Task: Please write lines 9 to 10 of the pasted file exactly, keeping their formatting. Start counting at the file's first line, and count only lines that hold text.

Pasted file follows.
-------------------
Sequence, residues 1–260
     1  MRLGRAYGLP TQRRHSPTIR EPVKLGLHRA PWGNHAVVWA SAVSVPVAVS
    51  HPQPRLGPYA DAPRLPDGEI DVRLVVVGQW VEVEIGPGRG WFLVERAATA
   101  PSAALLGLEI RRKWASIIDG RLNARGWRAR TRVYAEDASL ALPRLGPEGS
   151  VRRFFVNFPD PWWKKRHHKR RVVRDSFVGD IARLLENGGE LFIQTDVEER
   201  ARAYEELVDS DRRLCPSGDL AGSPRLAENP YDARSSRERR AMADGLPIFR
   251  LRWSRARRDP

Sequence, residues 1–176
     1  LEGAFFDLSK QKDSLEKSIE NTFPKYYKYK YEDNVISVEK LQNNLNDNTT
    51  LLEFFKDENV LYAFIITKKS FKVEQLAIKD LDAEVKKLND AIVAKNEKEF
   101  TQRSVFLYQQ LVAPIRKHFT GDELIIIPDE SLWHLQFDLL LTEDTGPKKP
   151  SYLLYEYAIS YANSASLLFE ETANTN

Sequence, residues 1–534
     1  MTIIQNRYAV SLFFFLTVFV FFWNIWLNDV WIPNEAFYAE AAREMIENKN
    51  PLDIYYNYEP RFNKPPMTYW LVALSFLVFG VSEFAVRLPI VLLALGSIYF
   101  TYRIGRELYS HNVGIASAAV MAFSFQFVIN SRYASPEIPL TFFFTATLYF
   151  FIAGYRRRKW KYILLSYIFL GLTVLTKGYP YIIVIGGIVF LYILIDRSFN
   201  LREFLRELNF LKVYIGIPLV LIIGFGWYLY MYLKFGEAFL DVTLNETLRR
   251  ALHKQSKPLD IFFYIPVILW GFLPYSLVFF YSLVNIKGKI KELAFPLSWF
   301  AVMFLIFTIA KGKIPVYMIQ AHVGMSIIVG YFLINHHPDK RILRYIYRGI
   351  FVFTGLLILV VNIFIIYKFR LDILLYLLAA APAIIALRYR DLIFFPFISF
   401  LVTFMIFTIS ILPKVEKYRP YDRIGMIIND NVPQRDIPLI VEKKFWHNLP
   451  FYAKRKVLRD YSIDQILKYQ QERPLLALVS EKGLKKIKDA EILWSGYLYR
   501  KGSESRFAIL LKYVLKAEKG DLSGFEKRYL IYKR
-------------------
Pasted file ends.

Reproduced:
     1  LEGAFFDLSK QKDSLEKSIE NTFPKYYKYK YEDNVISVEK LQNNLNDNTT
    51  LLEFFKDENV LYAFIITKKS FKVEQLAIKD LDAEVKKLND AIVAKNEKEF